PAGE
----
The Overwatch League: Editorial + Pro Impressions
What is the Overwatch League?
Not much is known about Blizzard’s greatest gamble yet: the creation of a an never-before-seen esports league centered around Overwatch. More details will be forthcoming, but here is a quick list of what we know, as well as my personal editoral of what we know from Blizzard’s official announcement video and league official site, as well as an excellent interview from Nate Nanzer (Blizzard’s Head of Esports) by Polygon’s Phillip Kollar:
- The league will begin its trial run in Q3 of 2017
Such a late start adds even more stress to players who have put their life on hold to “go pro” in esports. This League, as groundbreaking as it is, will not even start its experimental season until nearly a year from now, and its first full season is slated to run in 2018. Many Pros have quit their jobs, taken leave of absences from their studies for what they thought was a sure thing. Now, their future is not so certain and this date looms on their horizons.
- Teams will be permanent: there will be no promotion or relegation. Spots in the league will have to be bought out to change
The concept of relegation in esports has always been a double-edged sword. If these initial, permanent spots must be purchased by teams with sufficient resources to do so, it seems like a net positive for both the players and the league as a whole. Blizzard and the players who will make up the league will know that the organizations involved are committed and their investment will bring stability. The negatives however, is that player-run organizations who have had noticeable success without the bankroll of a rich backer – Reunited is the best example here – will have no way to “come up through the minors” so to say.
- The League teams will be regional – tied to a city via a franchising system. Whether this means current teams must relocate to chosen cities is still unknown.
This is one of the bolder decisions made by Blizzard – drawing on examples from traditional sports to model their regional focus in team support. Given that esports in general are performed and grow on the internet, it seems strange to tie teams to a specific region. Online gaming has brought countries from across the world together, only to now split these teams up by specific regions. This may have been a decision made to make the League more enticing to outside investors: Philadelphia’s NBA team, the 76ers, famously made their presence known in the esports world by purchasing and merging Dignitas and Apex. Perhaps tying Overwatch League teams to cities will open the door to more movement from the NBA in particular. Andrew Miller – Owner of NRG and co-owner of the Sacramento Kings (another NBA team) added to the growing conversation:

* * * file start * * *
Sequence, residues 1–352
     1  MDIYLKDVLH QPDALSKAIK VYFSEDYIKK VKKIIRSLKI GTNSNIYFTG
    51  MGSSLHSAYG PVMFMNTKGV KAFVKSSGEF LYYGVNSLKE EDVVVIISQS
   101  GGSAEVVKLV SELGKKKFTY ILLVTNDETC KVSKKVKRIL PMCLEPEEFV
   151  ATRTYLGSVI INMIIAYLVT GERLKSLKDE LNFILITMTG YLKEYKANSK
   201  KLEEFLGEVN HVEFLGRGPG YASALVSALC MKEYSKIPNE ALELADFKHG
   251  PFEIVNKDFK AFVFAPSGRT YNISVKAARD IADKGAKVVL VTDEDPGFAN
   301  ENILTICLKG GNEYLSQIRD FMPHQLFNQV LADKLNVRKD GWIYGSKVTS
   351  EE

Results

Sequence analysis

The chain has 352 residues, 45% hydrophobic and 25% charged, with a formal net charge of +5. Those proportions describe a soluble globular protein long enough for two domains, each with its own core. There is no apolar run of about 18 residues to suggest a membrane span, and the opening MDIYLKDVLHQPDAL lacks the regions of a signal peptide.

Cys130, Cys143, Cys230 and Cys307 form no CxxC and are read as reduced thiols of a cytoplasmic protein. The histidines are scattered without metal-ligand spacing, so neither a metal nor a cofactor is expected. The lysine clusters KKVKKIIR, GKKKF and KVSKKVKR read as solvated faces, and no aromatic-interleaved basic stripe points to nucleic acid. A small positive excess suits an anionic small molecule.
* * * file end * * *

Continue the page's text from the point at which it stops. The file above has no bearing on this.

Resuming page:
“Lots of details to be fleshed out but heavy, heavy hitters from NBA and NFL here leaning in”
- The League will initially run only in the United States, with plans in work to expand globally
This makes sense from a business standpoint: Blizzard wants to work with a market they are familiar with in their trial run for the League. However, it opens a pandora’s box of questions. Are only US players allowed to try out for this league? What cities will be picked? How many teams will there be?
- League teams will be filled via a draft, featuring a “first-of-its-kind esports combine”. Per Nanzer, “We’re going to put players through tests that will determine if they’ll be an excellent Overwatch player. We think that’s a really cool way to give a very clear path.”
Nanzer would go on to to clarify that third party tournaments would be taken into consideration, played during the league’s lengthy offseason. This is perhaps the most surprising element of the League and a clear nod to traditional sports. Overwatch is not Battlefront, Overwatch is not Call of Duty – it is an extremely team-based game. We do not even know if evaluating a player on his or her individual talents is even meaningful data, much less holding an entire combine focused around it. However, in traditional sports leagues like the NFL and the NBA, players are routinely drafted based on their individual skill and potential to grow within a team. Perhaps this “combine” will usher in a new age of esports coaching, which will skyrocket in importance with the drafting of raw, but skilled players. We are still unclear as to how this draft will proceed season to season – will teams completely re-shuffle each season? Or is there only one shot, one draft, one chance to make it big?
This also has huge implications for established teams. Heavy hitters like Rogue, C9, EnVyUs, FaZe, and NRG may have to disband in preparation for the “League Draft”, on top of independently bidding for the cities in which they wish to house their franchise. Disbanding teams for the purpose of running this inaugural draft is heartbreaking for teams that have played together since early beta, but Blizzard likely sees no other way to gain complete control over their League otherwise. In the long run – if the League succeeds – this will likely be a positive. In the meantime though…what would EnVyUs be without its current roster, one of Overwatch’s oldest?
- The League will feature a long off-season, from August’s World Championships to the following spring.